- Make sure the used P90X comes with both of the guides! You want to make sure you get a nutritional guide and a fitness guide! Don’t skip the guides! I have people contact me all the time, asking questions about the nutritional plan, and what order they should do the workouts. What does this tell me? They researched the best price of P90X, and thought they purchased the entire kit, but ended up with a copied set of DVD’s. Or alternatively, they purchased P90X, for less, and had no idea it came with a nutritional and fitness guide. Don’t let this happen to you! This is the number one reason I am writing this article. Just because you have the DVD’s, does not mean you have everything you need to get in great shape. The fitness and nutritional guides are very important. Diet and exercise go hand in hand, and ensure your success! Especially the nutritional guide. It explains everything! How much to eat, what to eat, and how to make sure you are eating the right foods.
- Make sure your used P90X DVD’s are in working condition. This program goes in phases of 30 days each, and each phase is depending on specific DVD’s for that phase. If one of your DVD’s is not working, you miss that workout, which has a vital role in the program. I know for a fact that when you purchase a new P90X, you get a 90 day guarantee. At least you do from Beachbody or from our store. So if you find out 30 days into the program, that your 2nd month DVD is not working, you can get a replacement for free. Does your 3rd party sellers offer this on their used P90X? Find out about the guarantee! You can check out our guarantee by clicking here.
- Make sure you are buying an original copy of P90X. Make sure the person selling the used P90X program has a legitimate (original) copy of the program. There are sellers out there (Ebay and others) selling a product that is a “copy” of the original. This is pirated software and illegal. Please be careful.
In summary. I believe there are some great deals on a used P90X program. Perhaps people that bought P90X, tried it, and found it was not for them. But be careful who you buy from. Make sure you get a legitimate copy that has all the important parts of the program. I have been using P90X since January of 2006, it’s a program that you can repeat over and over, and I wholeheartedly believe, it is worth the retail price. If in doubt, buy a new copy of the P90X program.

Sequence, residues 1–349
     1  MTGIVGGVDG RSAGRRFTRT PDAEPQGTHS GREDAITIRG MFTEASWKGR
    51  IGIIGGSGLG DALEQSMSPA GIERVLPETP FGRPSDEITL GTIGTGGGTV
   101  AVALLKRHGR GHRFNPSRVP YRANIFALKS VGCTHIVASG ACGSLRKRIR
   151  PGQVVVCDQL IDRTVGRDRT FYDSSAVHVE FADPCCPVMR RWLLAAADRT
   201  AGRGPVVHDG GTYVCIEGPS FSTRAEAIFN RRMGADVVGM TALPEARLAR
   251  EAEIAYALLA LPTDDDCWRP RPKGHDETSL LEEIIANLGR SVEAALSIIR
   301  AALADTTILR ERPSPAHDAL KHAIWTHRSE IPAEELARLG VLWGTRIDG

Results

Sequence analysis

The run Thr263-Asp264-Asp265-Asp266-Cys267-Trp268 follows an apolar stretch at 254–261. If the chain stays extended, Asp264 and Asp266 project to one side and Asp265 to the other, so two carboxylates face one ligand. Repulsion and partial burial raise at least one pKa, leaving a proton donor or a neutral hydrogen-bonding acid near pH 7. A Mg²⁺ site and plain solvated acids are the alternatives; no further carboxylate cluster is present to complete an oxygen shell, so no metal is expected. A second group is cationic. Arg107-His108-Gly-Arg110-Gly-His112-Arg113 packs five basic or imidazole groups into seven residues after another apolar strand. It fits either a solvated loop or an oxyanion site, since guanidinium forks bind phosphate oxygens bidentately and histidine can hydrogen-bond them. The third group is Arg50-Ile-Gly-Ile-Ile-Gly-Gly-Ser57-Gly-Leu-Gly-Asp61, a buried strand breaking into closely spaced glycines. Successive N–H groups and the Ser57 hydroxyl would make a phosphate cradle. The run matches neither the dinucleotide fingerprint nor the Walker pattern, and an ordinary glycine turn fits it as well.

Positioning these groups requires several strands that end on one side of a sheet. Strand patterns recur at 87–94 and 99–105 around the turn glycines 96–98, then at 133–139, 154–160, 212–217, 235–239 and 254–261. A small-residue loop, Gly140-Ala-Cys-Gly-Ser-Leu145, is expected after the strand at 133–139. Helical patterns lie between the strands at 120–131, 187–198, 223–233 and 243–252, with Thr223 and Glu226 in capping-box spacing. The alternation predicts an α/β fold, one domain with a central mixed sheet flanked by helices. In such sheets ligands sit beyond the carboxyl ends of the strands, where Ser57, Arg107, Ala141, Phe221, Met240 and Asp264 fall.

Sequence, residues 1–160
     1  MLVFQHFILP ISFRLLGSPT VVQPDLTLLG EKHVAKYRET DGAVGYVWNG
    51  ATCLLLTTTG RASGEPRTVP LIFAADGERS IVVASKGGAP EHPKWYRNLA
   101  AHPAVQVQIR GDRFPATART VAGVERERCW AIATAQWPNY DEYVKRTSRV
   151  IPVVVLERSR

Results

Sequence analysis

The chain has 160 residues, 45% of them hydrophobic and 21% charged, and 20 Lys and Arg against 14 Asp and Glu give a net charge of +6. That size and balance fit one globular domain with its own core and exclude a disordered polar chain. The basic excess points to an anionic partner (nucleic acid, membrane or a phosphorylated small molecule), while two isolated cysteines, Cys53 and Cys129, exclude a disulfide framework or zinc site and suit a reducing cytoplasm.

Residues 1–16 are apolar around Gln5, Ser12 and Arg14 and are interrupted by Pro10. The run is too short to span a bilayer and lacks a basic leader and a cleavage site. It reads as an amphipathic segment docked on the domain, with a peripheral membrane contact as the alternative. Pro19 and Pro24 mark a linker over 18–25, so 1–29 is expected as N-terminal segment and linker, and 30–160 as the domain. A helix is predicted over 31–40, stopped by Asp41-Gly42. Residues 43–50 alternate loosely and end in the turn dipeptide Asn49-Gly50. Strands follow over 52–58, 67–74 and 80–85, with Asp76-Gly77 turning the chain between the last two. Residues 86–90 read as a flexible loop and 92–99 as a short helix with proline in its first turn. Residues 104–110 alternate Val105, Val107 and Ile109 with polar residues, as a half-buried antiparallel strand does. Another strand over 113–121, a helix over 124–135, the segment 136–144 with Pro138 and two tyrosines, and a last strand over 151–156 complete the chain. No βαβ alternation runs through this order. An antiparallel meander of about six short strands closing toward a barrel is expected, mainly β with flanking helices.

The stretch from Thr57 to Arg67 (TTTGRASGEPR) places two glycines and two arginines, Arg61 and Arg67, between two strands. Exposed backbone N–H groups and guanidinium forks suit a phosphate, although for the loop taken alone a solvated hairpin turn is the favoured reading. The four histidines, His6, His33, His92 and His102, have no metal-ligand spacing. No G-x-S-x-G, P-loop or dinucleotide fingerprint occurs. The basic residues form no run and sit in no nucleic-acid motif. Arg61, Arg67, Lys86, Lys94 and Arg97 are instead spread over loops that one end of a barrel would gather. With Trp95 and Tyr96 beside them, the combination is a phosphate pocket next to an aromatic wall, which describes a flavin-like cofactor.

10 Reasons You Should Try P90X
Chances are you’ve already seen Tony Horton. Built like Brad Pitt but with a sense of humor like Will Ferrell waving a cowbell, he’s hard to miss whether he’s on late-night TV (pick a channel, any channel) pimping his 10-Minute Trainer workouts or on QVC selling out his wildly popular P90X workout program. When he enthuses, “Just give me 90 days and I’ll get you huge results” it sounds a little too good to be true, but having done two cycles myself, I can tell you this is one workout that lives up to the hype. And since Tony, as he asked me to call him in our interview, is coming out with P90X 2 in December 2011, now is the perfect time to try P90X! Here’s why:
1. No more plateaus. The core idea behind the P90X workout is what Tony calls “muscle confusion.” By doing a different type of workout every day you’ll keep your muscles guessing, which means you’ll keep them working hard.
2. Entertainment. Tony and his crew crack jokes and do all kinds of hilarious moves (my favorite is The Rockstar) to keep your mind off the pain. And the dude is funny.
3. Well-rounded workouts. Drawing from weight lifting, interval training, yoga, plyometrics, and martial arts, among other things, you’ll work your body from every angle thereby increasing your power, strength, balance, and athletic ability.
4. Less risk of injury. Injuries often happen when you repeat the same motion over and over again, as in running. P90X has you changing up your routine so often that it reduces your risk of repetitive use injuries. Also, by working your muscles in different ways, you increase their resilience.
5. No boredom. Hate interval training? No problem, the next day you’ll be doing yoga. And the day after that you’ll be lifting weights. And the day after that you’ll be boxing. With all this variety, you’ll find some things you love and some you don’t, but as Tony put it, “P90X is about forcing you to work on your weaknesses while still training your strengths.”
7. Mental toughness. Forcing yourself to try so many new things can be difficult, but once you find yourself doing something you never thought you could (pull-ups, anyone?), you realize that you’re capable of a lot more than you thought.
8. Sound nutrition advice. P90X comes with a diet plan that focuses on eating whole, quality foods in reasonable amounts to fuel your workouts like an athlete. P90X 2 builds on this by offering a tailored approach to allow for different philosophies such as vegetarianism or paleo-style eating.
9. All day calorie burning. “Running may burn a lot of calories while you do it, but lifting weights and doing interval training will have you burning calories around the clock,” he explains.
10. Athlete-caliber workouts. Tony has trained many professional athletes and celebrities and uses the same techniques in his program as his does with his more famous clientele.
- By Charlotte Andersen